Lehigh Portland Cement #1 Lehigh Portland Cement 23t #1
(J. Sheperd 21 Dec 79 LPC #? (left) and M. Murray Dec 92 LPC #? (right) - photos courtesy of D. Ross - all rights reserved)
[Thumbnail images; click on photos for larger images]

The 23-tonner sure needs a vacuuming (in fact, it's a miracle or a tribute to good air filters that she ran at all in all that abrasive dust)  Think that's a vacuum hose in front of her?  Maybe she was rigged up as a track vacuum!  (And it's not even April First!)

Rich Garich noticed the discrepancy; see the deckplate thickness and the roller bearings?  Worse, to my mind, I never noticed not only these details, but the window arrangement and their distance from the roof!  So what IS that loco at the Midland - 20 or 23-ton?

Here's a a composite enlargement of the two photos, above, from Don Ross 's site to show the deckplate thickness - 20-ton at left and 23-ton at right:

(cropped from photos courtesy of D. Ross - all rights reserved)


(moved from Boxcabs Continuation Page 2 on 28 Jan 2002)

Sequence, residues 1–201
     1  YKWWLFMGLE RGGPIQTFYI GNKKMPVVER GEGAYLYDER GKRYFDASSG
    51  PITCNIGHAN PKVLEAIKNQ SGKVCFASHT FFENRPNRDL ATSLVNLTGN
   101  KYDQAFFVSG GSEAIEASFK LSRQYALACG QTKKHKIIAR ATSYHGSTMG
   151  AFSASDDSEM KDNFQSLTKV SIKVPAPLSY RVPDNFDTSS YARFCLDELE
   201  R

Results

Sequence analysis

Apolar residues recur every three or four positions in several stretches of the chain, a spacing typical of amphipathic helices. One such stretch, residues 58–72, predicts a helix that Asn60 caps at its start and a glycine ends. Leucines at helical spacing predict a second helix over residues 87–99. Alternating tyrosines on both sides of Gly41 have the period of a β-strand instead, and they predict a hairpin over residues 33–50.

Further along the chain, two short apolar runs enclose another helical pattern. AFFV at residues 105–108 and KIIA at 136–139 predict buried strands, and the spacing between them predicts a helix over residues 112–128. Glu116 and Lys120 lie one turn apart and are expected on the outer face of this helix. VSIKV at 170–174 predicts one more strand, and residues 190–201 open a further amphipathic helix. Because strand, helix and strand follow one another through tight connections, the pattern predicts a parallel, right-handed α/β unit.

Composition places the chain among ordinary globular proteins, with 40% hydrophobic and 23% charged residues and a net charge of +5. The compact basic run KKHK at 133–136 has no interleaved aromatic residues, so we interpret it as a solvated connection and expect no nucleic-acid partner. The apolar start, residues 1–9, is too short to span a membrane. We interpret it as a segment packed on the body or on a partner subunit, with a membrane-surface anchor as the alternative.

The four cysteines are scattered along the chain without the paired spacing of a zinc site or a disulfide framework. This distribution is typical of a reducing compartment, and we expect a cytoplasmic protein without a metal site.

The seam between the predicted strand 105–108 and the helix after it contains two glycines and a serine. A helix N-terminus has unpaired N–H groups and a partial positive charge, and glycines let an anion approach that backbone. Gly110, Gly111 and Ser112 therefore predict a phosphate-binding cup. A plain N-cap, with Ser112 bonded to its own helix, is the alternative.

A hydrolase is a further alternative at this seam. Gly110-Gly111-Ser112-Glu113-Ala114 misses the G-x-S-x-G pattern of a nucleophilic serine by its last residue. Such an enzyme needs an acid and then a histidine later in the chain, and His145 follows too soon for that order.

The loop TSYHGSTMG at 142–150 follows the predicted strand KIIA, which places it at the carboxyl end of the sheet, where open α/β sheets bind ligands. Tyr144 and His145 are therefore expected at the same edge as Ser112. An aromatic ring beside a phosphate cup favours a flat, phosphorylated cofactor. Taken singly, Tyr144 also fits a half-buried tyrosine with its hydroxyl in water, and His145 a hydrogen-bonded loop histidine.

The question was raised, "Are the GE Shovelnose export engines boxcabs?"  ALCo powered versions worked in Argentina and Uruguay and other versions were the famous White Pass & Yukon units and the Philippine National Railways engines.  It's a fair question, especially since I include the Alton shovelnoses and such and even the EMD E6 boxcab versions; but this is MY site and I choose not to cover them; they are standard, late-model, diesels and belong elsewhere.  Well - - - , mostly so.  Just because they were made later on and are a cross between a boxcab and a standard cowl diesel, I can still throw a little memory their way.

Señor Marcelo Benoit in Uruguay was kind enough to dig up both data AND photos of their GE shovelnoses, as follows: